What the Rat Told Me

What the Rat Told Me: A Legend of the Chinese Zodiac by Marie Sellier, Catherine Louis and Wang Fei

This picture book is adapted from a Chinese Buddhist legend that explains why the cat and rat don’t get along at the same time it introduces the Chinese zodiac.  The Great Emperor of Heaven invited all of the animals to visit him before sunrise on the top of the Jade Mountain.  Cat protests that it is too early for her, but rat assures her that he will wake her in time.  But when the time comes in the morning, rat plays a trick by not waking the cat.  He also manages to slip to the front of the group by riding up the mountain on the ox’s head.  So Rat becomes the first symbol of the zodiac and the animals continue from there.  The book concludes with the Chinese zodiac and the pleasure of finding out your corresponding animal.

This book is so graphically strong and stunning.  Done just in black and red, the images are linoleum prints.  Each zodiac animal is depicted along with its Chinese symbol.  The text is nicely simple and strong, a great pairing with the images.  Each zodiac animal is shown having the characteristics that the zodiac gives them. 

This is one of those books that looks so very simple but takes such great skill.  Perfect for zodiac units around Chinese New Year, this book would be rough for story times with mixed ages because you would spend a lot of time looking up dates.  It might be nice for a classroom with a limited age range but only if you aren’t worried about children becoming monkeys, horses and oxen.  Appropriate for ages 5-8.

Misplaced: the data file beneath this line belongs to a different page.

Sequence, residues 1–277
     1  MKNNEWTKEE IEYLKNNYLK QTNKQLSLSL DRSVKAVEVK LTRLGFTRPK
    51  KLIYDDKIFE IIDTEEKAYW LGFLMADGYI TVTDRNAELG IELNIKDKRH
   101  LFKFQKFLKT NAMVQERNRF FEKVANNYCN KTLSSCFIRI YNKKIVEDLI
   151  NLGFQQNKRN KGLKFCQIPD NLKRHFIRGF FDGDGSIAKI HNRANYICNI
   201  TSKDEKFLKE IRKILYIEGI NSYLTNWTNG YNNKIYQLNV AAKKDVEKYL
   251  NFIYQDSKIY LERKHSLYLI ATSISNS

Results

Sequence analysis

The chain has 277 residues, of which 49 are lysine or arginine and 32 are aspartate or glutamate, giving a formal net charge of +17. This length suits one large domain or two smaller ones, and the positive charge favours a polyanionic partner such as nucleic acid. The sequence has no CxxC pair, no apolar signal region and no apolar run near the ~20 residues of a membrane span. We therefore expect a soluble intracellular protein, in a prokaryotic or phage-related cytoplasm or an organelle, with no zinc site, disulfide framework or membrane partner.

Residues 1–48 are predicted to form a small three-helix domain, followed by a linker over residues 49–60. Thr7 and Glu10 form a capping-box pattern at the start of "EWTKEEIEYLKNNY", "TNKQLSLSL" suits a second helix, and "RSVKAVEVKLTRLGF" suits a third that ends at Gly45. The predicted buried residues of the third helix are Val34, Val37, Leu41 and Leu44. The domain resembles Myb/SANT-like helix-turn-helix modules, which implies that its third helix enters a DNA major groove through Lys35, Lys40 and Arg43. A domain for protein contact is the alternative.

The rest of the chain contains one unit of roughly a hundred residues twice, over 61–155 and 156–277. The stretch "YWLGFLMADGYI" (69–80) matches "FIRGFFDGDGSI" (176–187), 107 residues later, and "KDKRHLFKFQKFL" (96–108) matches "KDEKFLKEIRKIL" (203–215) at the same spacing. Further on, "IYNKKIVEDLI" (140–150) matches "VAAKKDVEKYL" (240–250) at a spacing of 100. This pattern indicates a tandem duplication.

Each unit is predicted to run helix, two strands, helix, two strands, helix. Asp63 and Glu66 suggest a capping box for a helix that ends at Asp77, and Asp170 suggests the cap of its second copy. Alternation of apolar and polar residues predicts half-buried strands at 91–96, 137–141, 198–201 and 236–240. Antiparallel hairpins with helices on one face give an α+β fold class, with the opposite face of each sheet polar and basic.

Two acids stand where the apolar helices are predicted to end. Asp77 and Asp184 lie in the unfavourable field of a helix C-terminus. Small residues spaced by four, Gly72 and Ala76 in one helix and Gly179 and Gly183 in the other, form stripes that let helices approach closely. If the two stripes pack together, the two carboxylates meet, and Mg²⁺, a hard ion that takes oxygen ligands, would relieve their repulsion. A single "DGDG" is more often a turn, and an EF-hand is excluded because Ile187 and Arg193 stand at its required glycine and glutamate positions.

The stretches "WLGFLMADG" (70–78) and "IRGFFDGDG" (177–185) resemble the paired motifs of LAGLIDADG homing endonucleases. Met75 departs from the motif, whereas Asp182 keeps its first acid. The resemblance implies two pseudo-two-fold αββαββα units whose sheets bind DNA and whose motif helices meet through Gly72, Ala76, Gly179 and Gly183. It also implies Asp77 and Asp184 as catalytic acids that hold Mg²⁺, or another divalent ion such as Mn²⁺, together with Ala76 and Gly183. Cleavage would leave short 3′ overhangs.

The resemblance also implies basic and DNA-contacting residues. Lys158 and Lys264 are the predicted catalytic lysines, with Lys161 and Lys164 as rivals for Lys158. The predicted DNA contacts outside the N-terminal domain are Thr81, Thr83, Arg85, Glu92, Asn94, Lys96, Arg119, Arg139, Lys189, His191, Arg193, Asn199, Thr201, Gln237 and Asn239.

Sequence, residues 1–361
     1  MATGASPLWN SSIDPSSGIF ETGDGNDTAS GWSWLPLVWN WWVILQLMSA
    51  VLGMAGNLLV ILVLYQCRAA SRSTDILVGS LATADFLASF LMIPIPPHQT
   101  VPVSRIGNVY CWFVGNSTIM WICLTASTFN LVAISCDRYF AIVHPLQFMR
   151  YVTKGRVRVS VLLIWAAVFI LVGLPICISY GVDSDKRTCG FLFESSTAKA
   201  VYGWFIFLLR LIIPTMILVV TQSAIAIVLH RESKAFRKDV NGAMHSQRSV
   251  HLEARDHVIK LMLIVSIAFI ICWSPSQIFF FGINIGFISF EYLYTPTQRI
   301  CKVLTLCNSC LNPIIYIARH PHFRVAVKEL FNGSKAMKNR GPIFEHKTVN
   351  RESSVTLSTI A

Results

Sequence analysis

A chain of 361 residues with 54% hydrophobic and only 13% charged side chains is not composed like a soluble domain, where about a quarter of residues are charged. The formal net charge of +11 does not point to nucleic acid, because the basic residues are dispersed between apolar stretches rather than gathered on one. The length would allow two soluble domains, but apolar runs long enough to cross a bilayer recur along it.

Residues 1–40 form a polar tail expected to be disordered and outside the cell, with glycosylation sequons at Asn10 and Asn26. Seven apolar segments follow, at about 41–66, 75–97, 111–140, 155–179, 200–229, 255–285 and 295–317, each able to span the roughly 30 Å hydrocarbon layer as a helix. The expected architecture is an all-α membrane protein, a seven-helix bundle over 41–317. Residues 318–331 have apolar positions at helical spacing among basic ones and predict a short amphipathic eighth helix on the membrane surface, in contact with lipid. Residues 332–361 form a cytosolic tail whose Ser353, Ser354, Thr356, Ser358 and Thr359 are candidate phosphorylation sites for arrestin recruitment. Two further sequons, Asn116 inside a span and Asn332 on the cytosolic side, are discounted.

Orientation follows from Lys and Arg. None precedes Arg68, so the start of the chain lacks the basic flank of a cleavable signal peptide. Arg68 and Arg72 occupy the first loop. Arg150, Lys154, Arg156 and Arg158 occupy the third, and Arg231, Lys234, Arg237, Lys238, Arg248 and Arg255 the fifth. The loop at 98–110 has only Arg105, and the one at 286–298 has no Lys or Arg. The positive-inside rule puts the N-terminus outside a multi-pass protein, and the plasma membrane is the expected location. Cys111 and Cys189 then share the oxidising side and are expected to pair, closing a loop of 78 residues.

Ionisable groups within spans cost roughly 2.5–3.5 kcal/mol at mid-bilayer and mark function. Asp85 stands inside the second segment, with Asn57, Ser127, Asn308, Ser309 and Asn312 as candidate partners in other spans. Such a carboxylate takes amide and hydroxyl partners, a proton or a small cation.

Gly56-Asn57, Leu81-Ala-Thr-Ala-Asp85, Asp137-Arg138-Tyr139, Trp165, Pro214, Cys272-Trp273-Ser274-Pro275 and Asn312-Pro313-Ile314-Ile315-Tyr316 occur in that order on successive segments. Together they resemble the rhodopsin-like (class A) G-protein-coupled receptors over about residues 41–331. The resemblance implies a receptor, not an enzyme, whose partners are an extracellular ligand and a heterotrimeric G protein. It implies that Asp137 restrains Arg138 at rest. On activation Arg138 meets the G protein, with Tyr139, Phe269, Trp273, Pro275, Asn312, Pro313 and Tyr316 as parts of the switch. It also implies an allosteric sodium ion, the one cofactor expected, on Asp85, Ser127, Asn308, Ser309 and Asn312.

Buffalo Song

Buffalo Song by Joseph Bruchac, illustrated by Bill Farnsworth.

A boy and his father find a buffalo calf who has survived the slaughter of its herd by white hunters.  They take the calf to Walking Coyote who adds it to his herd of young buffalo, calling him Little Thunder Hoof.  Walking Coyote and his family then lead the herd of nine calves over the mountains to safety.  The trip is treacherous and filled with dangers.  When they reached the St. Ignatius Mission, the priests refuse to take the animals so they journey onto the Salish people.  As years pass, the buffalo herd grows and Walking Coyote finds others who share his vision of hills and fields black with buffalo roaming free.

Bruchac’s words sing here as they lead readers from the slaughter through dangers to safety and survival.  There is plenty here for readers to enjoy with spiritual aspects, environmentalism and adventure.  Farnsworth’s art is a magnificent accompaniment to the text, offering lots of nature, vistas and landscapes, and the promise of the blanket of buffalo.

Recommended as a very accessible book on Native American culture.  The beauty mixed with the adventure will have kids enjoying this book thoroughly.  Appropriate for ages 5-9.